One relative approached me at my Grandma Leta’s service and was appalled that my wife did not come to help me bury my “second mother.” I brushed it off and said, “The vacation was already booked.” This relative pointed out that just a few years earlier we left Disney World (after only one day in the parks) to be with her grandmother when she died. It’s true. But that was her side of the family. With several of her family members we would travel many miles to say goodbye, come home, and return for the funeral the next week. We attended every funeral, every graduation, and every other major event. Time and money to support her family. Which was the right thing to do. But neglecting the other side has left many bitter. It also set a precedent for the kids to one day to do the same thing to their father and his family.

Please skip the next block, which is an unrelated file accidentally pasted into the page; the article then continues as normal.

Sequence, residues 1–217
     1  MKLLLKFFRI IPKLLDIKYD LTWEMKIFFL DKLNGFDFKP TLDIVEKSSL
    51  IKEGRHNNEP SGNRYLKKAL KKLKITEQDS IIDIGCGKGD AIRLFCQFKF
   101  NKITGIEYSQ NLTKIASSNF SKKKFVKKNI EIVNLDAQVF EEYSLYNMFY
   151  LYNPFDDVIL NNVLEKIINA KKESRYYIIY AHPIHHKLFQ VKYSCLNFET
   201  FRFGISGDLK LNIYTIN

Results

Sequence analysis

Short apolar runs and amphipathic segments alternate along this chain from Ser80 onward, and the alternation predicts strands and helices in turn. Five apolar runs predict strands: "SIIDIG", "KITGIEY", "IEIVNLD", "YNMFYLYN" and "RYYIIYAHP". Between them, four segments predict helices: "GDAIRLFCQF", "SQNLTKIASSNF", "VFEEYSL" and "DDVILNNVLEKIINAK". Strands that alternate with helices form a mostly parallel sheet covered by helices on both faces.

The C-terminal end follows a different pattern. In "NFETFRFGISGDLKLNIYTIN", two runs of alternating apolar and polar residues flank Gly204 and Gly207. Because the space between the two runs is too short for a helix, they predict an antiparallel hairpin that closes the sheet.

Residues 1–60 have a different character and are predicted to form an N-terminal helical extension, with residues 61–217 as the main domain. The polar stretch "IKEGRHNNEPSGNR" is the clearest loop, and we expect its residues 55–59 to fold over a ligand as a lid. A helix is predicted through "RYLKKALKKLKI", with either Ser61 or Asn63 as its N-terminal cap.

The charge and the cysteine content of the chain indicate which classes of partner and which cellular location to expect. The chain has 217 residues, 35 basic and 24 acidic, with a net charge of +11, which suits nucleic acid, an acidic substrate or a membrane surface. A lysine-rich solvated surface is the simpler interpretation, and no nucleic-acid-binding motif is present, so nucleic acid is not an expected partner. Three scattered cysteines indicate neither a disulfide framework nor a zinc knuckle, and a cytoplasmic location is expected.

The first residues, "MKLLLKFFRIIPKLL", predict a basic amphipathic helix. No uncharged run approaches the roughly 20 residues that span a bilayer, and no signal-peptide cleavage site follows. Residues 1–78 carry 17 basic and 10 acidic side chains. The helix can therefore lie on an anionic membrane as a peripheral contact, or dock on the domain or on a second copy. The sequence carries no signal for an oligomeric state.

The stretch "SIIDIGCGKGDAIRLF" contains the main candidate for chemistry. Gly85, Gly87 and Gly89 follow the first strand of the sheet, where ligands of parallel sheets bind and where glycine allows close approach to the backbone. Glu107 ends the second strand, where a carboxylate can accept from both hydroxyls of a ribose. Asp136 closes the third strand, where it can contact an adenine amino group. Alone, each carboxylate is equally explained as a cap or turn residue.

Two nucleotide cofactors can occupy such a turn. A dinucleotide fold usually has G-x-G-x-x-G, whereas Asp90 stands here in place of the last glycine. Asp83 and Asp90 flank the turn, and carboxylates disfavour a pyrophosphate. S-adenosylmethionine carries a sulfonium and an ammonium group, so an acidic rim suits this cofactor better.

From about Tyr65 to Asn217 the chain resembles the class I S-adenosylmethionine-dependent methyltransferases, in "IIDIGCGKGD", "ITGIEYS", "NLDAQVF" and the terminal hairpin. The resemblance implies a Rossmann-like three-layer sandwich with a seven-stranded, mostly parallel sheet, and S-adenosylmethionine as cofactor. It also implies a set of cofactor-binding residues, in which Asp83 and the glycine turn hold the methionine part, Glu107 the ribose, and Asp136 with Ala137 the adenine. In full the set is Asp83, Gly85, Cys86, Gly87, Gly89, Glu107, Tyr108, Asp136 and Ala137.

I’m not writing this blog to point fingers, get attention, or seek pity as a victim. No one person holds all the blame in my story. I have my faults. No one should be able to force us to do anything against our will. However, when we make choices (whether under narcissistic duress or by our own volition) those decisions can have long lasting effects. We live with the consequences either way. Think carefully about the ramifications of your actions. Only you will answer for those choices. I am answering for mine.


If you find yourself in this kind of situation, let me give you some hope. Your story is not over yet! By God’s grace I’ve been blessed with a compassionate and patient wife. She’s helping to fix something she didn’t break. She’s healing wounds she didn’t cause. And I am truly grateful for the little things she does to encourage me. True agape love has found me. And we are now working through things together.